I’ll share more about my trip tomorrow…
I bet you’ve already got one foot out the door for the long weekend. Yahoo!
However, before you turn your thoughts turn completely to sunshine, barbeques and the beach, you might want to get a jump on registration for Writers on the Rise fall classes.
Why? Well, for one thing, our e-mail classes are the best value for the best price on the Web. Seriously, if you can find another class that offers as much for as little I will eat my eMac.
This fall is your last chance to take advantage of these classes at these prices. Effective January 2008, the price for all WOTR classes will go up to $199.00 (except for first-time classes).
Check out this awesome line up and then don’t drive off into the sunset without saving your place. I feel quite certain that every class will fill (as has been the case regularly).
2007 WOTR Classes:
Poetry For The People
An E-mail Class with WOTR Managing Editor Sage Cohen
October 3 – November 14, 2007
Writing & Publishing the Short Stuff
August 15 – September 26, 2007
October 3 – November 14, 2007
Platform Building Basics for Writers
October 3 – November 14, 2007
Pitching Practice: Send Six Queries in Six Weeks
(Prior query experience suggested)
August 15 – September 26, 2007
For more information and to sign up, visit:
This session, I have had ten amazing women in my Platform Building Basics for Writers class. It’s truly exciting to hold a space where writers have time to reflect on what is meaningful to them in a broader context. Thanks to the Internet, once you know what topics you are truly passionate about, it doesn’t take very long until you are putting them out there and generating a platform that can sustain, not only a book, but a whole slew of offerings for your niche audience like classes, speaking opportunities, and consulting.
What a pleasant discovery for me to find this work so exciting! My enthusiasm only confirms that I am on the right track in my own niche, which has actually broken into two audiences over the years—freelance writers in general and writer mamas.
In 2001, I became clear that I wanted to not only write, but to work with other writers. At the time, I was barely using the Internet, but I started teaching writing classes at Whatcom Community College in Bellingham, Washington. After my family moved to Wilsonville, Oregon I was able to use the e-newsletter that I’d started there to stay in touch with my students, no matter how many miles between us.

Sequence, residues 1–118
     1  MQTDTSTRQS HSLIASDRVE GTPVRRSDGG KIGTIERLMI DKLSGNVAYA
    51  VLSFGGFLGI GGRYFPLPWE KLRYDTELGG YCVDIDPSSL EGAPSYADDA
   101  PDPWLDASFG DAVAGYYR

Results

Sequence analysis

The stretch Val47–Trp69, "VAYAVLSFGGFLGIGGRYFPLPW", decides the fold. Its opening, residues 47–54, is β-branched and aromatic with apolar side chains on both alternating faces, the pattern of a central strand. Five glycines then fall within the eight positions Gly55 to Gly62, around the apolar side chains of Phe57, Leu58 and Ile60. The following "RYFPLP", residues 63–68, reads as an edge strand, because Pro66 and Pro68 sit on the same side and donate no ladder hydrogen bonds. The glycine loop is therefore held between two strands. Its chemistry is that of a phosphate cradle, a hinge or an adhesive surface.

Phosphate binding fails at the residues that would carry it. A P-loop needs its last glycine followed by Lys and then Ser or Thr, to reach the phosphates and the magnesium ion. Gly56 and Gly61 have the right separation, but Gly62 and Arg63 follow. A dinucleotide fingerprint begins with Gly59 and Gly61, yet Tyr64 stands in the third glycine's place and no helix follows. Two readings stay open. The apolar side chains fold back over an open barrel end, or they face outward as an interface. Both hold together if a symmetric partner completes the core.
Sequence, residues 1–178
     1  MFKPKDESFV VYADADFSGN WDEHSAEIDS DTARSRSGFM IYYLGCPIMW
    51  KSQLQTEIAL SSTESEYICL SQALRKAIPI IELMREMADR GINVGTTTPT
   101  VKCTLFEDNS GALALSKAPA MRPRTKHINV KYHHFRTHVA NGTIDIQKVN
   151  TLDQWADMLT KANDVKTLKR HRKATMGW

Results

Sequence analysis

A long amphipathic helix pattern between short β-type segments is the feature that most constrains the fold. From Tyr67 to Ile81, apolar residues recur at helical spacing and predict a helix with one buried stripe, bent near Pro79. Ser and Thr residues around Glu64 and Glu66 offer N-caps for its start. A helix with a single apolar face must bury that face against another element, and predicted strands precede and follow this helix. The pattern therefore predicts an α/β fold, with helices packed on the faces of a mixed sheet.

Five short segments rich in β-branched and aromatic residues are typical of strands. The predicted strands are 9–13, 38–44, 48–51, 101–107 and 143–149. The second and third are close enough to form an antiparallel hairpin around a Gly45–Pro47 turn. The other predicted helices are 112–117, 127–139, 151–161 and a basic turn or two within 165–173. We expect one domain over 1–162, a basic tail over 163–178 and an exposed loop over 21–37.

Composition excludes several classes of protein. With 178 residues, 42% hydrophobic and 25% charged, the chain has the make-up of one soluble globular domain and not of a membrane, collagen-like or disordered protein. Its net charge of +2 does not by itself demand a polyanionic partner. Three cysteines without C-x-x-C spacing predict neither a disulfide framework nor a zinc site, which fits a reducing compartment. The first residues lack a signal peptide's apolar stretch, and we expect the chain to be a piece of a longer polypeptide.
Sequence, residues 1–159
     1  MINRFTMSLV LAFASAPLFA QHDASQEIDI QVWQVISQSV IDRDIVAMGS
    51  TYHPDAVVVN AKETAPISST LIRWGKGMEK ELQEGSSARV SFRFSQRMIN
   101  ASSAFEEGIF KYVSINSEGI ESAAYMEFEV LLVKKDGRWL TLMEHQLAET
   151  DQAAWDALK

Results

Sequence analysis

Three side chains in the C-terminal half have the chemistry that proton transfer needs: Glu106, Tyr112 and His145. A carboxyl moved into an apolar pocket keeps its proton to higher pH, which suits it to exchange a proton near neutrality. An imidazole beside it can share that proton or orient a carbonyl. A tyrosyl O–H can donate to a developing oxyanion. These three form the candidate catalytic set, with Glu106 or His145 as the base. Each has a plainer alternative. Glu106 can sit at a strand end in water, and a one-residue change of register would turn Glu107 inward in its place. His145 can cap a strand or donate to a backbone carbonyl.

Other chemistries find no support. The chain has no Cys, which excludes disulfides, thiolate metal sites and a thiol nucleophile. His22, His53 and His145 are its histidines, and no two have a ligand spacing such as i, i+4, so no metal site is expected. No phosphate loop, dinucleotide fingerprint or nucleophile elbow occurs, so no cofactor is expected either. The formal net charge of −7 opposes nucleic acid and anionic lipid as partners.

I just got an e-mail from one of those folks saying that she’s been highly recommended to one of the top editors at one of the biggest publishing houses around. This kind of message just makes my day. Because every writer who works hard on their craft and sales skills deserves recognition and success. I firmly believe that. And I also firmly believe that success will come to every writer who perseveres and continue to nurture her career. That’s what happens when you stay with it and don’t give up.
There are no longer any hard and fast “rules” about how publishing success happens. But you’d better believe that your online presence matters. My former student was recommended to a publishing executive (who is on the marketing side of the biz!) by an independent bookseller who reads her blog (one she just started this year)! Talk about finding a side door nobody knows about! But these kinds of stories are cropping up every day.
And the beat goes on, because platform development is an integral part of being an author today. And the way I teach platform, it’s about connecting with something essential in yourself that can carry on as long as you like. The way I teach platform development offers a writer ownership of her unique talents while maintaining an awareness of the needs of others.
I want every writer to develop a platform or platforms and own his or her power as a professional communicator. And really get that when you partner with an agent or publisher, you are meeting them on equal ground. I don’t think the folks on the publishing side expect anything less from writers anyway.
Every aspiring author today is expected to be a self-starter.
Are you a self-starter? Are you taking your writing career into your own hands?
Let the answer motivate you to higher expectations of yourself, so that others will want to partner with you.